Although yesterday we were talking about how trees may actually bear higher concentrations of CO2, Australian scientists discovered that we’re pretty close to not being able to reverse global warming – and, yes, you can call that a WARNING.
Current estimates are saying that if we continue our polluting habits the way we’ve been doing so far, then by 2100 the average temperature will raise by 6 degrees Celsius, which means we’ll have little to no polar ice and the oceans will have risen by a lot.
“This is the critical decade. If we don’t get the curves turned around this decade we will cross those lines,” said Will Steffen, executive director of the Australian National University’s climate change institute, speaking at a conference in London.
However, despite all of these warnings from the scientific community, world’s two biggest polluters – the U.S. and China won’t set a deal on how they’ll control their emissions until 2015. As if that wasn’t enough, the future rules won’t be applied until 2020.
Steffen also said that if the global temperature rises another two degrees Celsius we’ll pass a “threshold beyond which the system shifts to a much hotter state.”
Ice sheets have already been damaged irreversibly. Only the Greenland ice sheet has lost 200 cubic kilometers a year since the 1990s, and the West Antarctic one has reduced in size considerably over the last decade. New worries go over the Siberian permafrost which has a lot of carbon stored within.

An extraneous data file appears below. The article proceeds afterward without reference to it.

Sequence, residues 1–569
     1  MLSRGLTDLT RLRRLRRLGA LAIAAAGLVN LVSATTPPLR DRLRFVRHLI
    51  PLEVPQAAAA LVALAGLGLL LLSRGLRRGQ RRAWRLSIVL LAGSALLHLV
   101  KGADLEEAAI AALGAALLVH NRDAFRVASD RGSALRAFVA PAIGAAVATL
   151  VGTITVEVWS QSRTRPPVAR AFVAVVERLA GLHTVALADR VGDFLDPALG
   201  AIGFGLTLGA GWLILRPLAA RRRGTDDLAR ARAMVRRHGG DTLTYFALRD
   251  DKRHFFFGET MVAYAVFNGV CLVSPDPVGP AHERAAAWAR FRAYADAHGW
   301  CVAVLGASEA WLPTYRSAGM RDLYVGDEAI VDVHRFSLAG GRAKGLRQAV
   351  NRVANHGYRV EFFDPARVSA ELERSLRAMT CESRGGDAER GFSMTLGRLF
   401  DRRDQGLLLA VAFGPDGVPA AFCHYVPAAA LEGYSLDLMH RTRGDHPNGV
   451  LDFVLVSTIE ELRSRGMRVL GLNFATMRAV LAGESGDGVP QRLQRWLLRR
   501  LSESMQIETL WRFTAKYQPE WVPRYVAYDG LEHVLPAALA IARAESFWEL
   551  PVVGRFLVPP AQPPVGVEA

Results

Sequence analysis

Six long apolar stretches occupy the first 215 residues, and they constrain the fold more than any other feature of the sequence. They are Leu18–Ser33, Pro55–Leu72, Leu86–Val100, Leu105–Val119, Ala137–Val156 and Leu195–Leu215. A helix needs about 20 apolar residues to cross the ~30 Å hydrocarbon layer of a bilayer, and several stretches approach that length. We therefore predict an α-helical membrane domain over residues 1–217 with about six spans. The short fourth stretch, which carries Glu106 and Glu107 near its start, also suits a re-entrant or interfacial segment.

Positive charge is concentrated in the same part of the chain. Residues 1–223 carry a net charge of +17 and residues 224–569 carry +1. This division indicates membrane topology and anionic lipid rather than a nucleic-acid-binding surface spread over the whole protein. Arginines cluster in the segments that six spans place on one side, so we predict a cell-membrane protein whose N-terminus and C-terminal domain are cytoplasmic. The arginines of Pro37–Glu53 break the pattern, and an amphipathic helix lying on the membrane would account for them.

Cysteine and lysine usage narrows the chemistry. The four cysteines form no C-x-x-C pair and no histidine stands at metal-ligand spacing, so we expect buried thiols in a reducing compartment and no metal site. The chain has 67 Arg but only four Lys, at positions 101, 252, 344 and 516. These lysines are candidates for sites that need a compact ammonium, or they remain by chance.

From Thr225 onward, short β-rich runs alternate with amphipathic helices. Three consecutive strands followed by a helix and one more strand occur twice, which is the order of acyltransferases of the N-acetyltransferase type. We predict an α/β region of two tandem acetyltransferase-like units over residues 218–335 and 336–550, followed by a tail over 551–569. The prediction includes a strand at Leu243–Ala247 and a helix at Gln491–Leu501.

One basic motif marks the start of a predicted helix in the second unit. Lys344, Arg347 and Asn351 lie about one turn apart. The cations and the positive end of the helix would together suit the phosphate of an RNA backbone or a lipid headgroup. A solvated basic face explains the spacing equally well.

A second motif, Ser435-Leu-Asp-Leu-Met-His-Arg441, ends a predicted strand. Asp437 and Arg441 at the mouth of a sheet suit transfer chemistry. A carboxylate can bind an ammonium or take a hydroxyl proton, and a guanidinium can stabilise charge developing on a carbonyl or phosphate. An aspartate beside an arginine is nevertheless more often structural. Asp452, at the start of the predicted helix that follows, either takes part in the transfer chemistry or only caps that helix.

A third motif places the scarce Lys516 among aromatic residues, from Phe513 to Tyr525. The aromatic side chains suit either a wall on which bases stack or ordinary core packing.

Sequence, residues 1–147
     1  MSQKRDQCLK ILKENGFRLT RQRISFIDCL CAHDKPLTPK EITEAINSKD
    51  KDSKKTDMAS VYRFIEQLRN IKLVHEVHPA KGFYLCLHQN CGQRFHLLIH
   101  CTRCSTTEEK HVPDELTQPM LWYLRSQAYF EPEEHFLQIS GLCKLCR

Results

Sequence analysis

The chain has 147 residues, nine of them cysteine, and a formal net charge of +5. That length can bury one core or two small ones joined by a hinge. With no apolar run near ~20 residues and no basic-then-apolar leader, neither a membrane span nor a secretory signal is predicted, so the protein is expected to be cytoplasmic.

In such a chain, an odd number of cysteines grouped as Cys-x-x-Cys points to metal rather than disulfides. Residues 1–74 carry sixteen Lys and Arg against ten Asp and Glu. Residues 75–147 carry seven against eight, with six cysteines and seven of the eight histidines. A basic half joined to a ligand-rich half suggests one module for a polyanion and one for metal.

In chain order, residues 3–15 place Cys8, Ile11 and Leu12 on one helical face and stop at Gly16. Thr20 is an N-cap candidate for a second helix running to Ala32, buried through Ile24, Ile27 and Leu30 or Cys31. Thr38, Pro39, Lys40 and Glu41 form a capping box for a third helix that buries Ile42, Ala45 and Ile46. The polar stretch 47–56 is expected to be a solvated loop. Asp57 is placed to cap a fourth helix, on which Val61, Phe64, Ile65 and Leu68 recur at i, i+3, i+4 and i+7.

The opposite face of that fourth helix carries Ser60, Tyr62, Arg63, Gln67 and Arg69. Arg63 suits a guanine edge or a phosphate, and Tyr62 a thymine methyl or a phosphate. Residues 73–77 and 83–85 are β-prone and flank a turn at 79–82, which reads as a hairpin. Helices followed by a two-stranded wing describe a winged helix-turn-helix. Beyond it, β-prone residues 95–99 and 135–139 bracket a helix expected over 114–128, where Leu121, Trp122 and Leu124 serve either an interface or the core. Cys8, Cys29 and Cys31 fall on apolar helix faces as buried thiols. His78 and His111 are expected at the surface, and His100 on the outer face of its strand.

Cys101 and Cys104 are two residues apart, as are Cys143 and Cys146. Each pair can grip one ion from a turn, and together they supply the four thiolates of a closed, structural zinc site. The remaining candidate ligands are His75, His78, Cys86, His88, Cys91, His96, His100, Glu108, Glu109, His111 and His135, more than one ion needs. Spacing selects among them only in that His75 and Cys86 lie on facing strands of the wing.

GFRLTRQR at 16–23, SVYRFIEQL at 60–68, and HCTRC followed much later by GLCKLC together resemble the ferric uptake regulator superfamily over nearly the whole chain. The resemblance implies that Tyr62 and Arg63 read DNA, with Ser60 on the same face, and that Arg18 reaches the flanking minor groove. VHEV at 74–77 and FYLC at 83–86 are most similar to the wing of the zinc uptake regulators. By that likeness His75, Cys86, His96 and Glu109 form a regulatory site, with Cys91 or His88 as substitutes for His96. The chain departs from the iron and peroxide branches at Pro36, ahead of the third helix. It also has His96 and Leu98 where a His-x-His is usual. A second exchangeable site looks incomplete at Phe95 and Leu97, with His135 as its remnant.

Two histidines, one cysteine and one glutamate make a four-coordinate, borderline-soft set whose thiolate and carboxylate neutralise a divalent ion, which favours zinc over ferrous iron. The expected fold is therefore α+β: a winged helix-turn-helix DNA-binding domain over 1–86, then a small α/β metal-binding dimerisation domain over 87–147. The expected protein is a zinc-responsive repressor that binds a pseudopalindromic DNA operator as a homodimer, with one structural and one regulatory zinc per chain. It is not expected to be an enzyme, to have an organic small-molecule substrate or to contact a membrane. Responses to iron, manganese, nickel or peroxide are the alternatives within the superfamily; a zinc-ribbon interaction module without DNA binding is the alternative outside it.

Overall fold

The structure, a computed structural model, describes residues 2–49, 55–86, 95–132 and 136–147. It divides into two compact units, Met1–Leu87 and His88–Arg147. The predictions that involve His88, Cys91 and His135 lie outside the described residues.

“There is about 1,600 billion tonnes of carbon there – about twice the amount in the atmosphere today – and the northern high latitudes are experiencing the most severe temperature change of any part of the planet,” Stefen said.
In a worst case scenario, 30 to 63 billion tons of carbon a year could be released by 2040, rising to 232 to 380 billion tons by 2100. This compares to around 10 billion tons of CO2 released by fossil fuel use each year.
Increased CO2 in the atmosphere has also turned oceans more acidic as they absorb it. In the past 200 years, ocean acidification has happened at a speed not seen for around 60 million years, said Carol Turley at Plymouth Marine Laboratory, quoted by Reuters.
Now, all of these calculations are more or less precise. As we said yesterday, the truth sits somewhere in between these two theories. One sure fact is that we’re already experiencing strange phenomena each year, from snows in California to hotter winters in Canada, or tornadoes in Europe.
Something’s really going on there – but I don’t think 2020 will be the last year when we’ll be able to fix anything. Everything in this world happens gradually. Only if things go totally wrong, events could slip on a logarithmic curve and then we’ll all be doomed.
But until then, we could each install our own rooftop solar panel, drive our own converted and cheap electric car, and by 2020 we’ll have helped the planet by a lot more than governments will ever be able to.
Let’s start doing good things today!